- In 2010, Georgia adopted new rules regarding enforcement of NDAs (as well as noncompete and non-solicitation agreements). The change eliminated the time limit requirement for NDAs prohibiting the disclosure of confidential information that does not rise to the level of a trade secret.
Now you know why you should use an NDA and in what situations they’re appropriate. In the next chapter, we take a deep dive into what elements go into an NDA.
Elements to include in an NDA
Every legal document has a combination of elements that make it unique. NDAs help safeguard important information, so their elements and verbiage focus on defining that information and instructing participating parties on appropriate actions regarding that information. Below are several key elements of an NDA. Review them to ensure you know how to write a contract that keeps your information safe.
5 key NDA elements
The most foundational aspect of an NDA is identifying the party or parties that need to safeguard your information. For example, this could be a new employee, a supplier, or someone else. Whether it’s John Smith, your new IT hire, or Sarah Brown, the operations manager representing the company you’ve partnered with, an NDA has to clearly identify who must not disclose certain information.
What are the party’s obligations when it comes to using and protecting your confidential information? What does “confidential” mean within your organization? “It’s essential that you define what confidential means to your company, so the party signing the NDA knows exactly what information falls under this category,” says Carter.
Does confidential information include the company’s financial records or proprietary algorithms? Does it include conversations about client lists? “You can be specific, but you also may want to generalize your definition to cover as much ground as possible,” Carter explains.
Consider a few other questions:
- How can the participating party use the information, and in what situations? Are they allowed to discuss confidential information only with certain parties?
- What is the participating party required to do with the information — store it, destroy it, return it?
- What level of care must the party use when dealing with the information? Should they treat it as carefully as their personal information, like their social security number? For example, should they avoid leaving any information lying around where other people can see it?
3. Breach consequences
Carter poses an important question regarding NDAs: “In the event of the party violating the contract, what happens?”
The purpose of an NDA is to prevent the participating party from disclosing information you deem confidential or important. But if the party discloses the information anyway — whether purposefully or accidentally — what are the consequences? Without any consequences, the party is less likely to secure your information with the care you specify, thereby increasing the chance of disclosure.
Naturally, the consequences should suit the nature of the information and the severity of the breach. For example, you may be able to file a lawsuit against the offender and sue based on copyright infringement, misappropriation of trade secrets, and other violations of intellectual property law.
Also, NDAs often include a liquidated damages clause, which provides for monetary recourse in the event of information disclosure. However, it’s not as simple as naming an arbitrary figure like $100,000. For the clause to be enforceable, you must be able to show that the stated figure is based on actual anticipated damages. So if the contract states that liquidated damages equate to $100,000, you must prove your business will incur that amount should the information be disclosed.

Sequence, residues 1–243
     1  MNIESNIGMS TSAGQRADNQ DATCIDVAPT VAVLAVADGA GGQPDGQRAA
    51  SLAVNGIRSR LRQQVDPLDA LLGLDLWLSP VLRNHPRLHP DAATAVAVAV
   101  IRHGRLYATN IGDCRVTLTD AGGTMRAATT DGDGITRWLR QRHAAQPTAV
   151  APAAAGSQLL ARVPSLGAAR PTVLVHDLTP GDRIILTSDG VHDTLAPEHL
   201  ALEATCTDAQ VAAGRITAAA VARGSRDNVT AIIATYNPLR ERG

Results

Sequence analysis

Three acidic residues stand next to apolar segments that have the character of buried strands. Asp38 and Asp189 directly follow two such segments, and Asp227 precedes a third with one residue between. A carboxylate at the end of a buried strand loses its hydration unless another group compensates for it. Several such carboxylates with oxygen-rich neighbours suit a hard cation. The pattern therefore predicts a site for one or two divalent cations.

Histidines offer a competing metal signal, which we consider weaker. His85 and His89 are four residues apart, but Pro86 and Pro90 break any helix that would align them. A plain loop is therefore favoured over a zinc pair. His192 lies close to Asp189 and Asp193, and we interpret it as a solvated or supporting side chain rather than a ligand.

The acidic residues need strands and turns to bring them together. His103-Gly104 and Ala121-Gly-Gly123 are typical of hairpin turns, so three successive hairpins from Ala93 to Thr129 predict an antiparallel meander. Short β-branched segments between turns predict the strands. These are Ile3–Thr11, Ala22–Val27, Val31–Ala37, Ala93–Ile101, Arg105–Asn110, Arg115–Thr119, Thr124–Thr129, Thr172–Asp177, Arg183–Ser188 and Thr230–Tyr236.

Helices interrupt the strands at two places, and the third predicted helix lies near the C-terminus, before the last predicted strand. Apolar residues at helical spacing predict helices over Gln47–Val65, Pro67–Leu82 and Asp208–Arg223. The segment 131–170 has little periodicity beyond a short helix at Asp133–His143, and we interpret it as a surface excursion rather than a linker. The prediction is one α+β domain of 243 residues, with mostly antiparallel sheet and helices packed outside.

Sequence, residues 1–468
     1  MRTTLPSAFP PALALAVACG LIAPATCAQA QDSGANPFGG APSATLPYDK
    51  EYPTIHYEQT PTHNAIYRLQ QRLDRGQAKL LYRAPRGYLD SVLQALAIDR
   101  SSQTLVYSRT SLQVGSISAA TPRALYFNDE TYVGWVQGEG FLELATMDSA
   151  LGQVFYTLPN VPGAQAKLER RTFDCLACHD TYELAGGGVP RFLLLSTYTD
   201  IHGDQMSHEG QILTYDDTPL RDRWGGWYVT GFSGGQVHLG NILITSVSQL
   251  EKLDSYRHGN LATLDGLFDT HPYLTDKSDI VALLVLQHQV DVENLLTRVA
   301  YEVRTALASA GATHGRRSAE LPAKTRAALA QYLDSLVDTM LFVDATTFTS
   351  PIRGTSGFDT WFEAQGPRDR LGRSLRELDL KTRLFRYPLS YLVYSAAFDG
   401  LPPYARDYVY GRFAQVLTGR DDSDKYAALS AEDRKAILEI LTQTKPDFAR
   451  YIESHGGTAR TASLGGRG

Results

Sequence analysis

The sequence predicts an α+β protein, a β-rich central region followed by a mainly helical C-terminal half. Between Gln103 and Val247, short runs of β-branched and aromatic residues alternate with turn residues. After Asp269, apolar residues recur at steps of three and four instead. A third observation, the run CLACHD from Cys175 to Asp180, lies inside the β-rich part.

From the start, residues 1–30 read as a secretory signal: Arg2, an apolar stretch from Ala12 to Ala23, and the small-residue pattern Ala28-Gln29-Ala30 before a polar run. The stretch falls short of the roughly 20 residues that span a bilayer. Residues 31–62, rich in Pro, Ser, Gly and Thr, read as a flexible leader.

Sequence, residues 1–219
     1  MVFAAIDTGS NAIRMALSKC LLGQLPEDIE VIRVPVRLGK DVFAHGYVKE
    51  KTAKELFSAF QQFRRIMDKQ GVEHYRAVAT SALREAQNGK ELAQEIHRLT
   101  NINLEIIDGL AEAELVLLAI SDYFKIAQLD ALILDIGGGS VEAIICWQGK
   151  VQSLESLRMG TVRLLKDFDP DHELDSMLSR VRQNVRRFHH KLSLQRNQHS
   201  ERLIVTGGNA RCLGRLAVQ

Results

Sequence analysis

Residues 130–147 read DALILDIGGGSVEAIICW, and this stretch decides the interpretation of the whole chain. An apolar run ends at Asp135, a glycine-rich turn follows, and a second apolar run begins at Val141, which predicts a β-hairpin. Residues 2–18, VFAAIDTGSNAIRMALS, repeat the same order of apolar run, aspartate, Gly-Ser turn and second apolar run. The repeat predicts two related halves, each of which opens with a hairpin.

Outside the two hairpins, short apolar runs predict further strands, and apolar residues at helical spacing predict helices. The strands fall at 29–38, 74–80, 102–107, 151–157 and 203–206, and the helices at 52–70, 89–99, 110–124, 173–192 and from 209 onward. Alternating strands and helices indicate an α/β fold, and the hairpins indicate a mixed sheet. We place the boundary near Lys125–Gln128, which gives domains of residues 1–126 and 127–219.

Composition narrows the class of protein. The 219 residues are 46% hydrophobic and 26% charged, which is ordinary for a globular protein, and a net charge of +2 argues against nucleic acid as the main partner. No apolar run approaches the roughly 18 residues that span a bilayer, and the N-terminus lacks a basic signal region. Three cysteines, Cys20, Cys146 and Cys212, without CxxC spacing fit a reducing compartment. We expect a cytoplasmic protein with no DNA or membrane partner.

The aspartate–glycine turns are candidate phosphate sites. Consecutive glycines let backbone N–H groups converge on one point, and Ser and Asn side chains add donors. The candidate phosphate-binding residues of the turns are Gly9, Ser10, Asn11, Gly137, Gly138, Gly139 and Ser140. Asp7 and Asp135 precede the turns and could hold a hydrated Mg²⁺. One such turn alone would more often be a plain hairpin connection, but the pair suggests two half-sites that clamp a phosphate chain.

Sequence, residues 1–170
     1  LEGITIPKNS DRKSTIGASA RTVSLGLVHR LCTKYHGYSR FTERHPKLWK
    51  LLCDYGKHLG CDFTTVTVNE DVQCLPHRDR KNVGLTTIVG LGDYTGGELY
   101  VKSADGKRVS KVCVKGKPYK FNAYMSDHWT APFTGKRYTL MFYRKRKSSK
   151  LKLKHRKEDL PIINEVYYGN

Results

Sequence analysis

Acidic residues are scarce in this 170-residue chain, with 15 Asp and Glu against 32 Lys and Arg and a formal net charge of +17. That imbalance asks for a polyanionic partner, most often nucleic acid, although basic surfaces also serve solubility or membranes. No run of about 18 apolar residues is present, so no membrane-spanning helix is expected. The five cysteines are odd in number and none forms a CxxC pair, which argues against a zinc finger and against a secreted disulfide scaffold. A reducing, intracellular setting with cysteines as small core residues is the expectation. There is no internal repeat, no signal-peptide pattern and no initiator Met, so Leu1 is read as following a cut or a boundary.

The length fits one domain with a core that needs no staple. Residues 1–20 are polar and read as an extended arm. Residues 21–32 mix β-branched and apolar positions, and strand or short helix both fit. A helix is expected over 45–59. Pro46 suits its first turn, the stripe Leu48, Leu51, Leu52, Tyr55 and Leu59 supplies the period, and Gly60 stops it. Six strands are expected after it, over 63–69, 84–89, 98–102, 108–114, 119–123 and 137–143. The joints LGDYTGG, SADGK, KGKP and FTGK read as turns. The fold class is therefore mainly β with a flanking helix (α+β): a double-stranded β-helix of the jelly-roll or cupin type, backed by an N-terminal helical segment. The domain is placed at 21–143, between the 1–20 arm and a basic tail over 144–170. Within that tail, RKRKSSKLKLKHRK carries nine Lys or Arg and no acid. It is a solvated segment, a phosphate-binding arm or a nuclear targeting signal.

4. Dispute resolution
Instead of pursuing a more aggressive approach to remedying information disclosure — e.g., filing lawsuits or seeking damages — you may opt to resolve NDA disputes in an alternative manner. For example, you may employ mediation with the signing party. This involves a moderator who facilitates the discussion, allowing you and the other party to air grievances and explore solutions in good faith.
“The signature is the most critical component. Without one, you don’t have a binding contract,” says Carter. When a party signs the NDA, they are agreeing to abide by the terms outlined in the contract. Not abiding by the terms, then, means they are beholden to the consequences.
“The act of signing shows consent,” says Carter. “You can’t just show someone a contract and expect they’ll abide by it, even if they agree to do so verbally. You have no legal backing without the person’s written consent.”
Keep in mind that any modification to the NDA must also be consented to, meaning the altered document must be signed again by all involved parties. “This is important because simply saying ‘we discussed this’ or ‘we exchanged emails’ about the changes is not sufficient. If it’s not in writing and signed, it’s not real,” Carter explains.
Regarding signature authenticity, physical signatures can be compared to other signature samples with handwriting analysis. As for electronic signatures, Carter says they are valid as well. “There is potential for the signing party to say they never signed it, but your digital solution of choice should be able to track the signature by email or even IP address.”
Next up, we dive into the various types of NDAs you can use in your business dealings.
Types of NDAs
The previous chapter discussed the common set of elements in NDAs that make up the contract “DNA.” But not all NDAs are created equal. There are three distinct types of NDAs, which we explore in detail below.
Types of NDAs and legal distinctions
NDAs come in three types:
- Unilateral nondisclosure agreement
- Bilateral (or mutual) nondisclosure agreement
- Multilateral nondisclosure agreement
The unilateral nondisclosure agreement involves two parties, but only one of the parties agrees not to disclose information provided to them. The other party — the one disclosing the information — does not agree to do the same. In other words, this is a one-way arrangement. A good example of this type of NDA is a business disclosing confidential information to an independent contractor or agency for rendering services.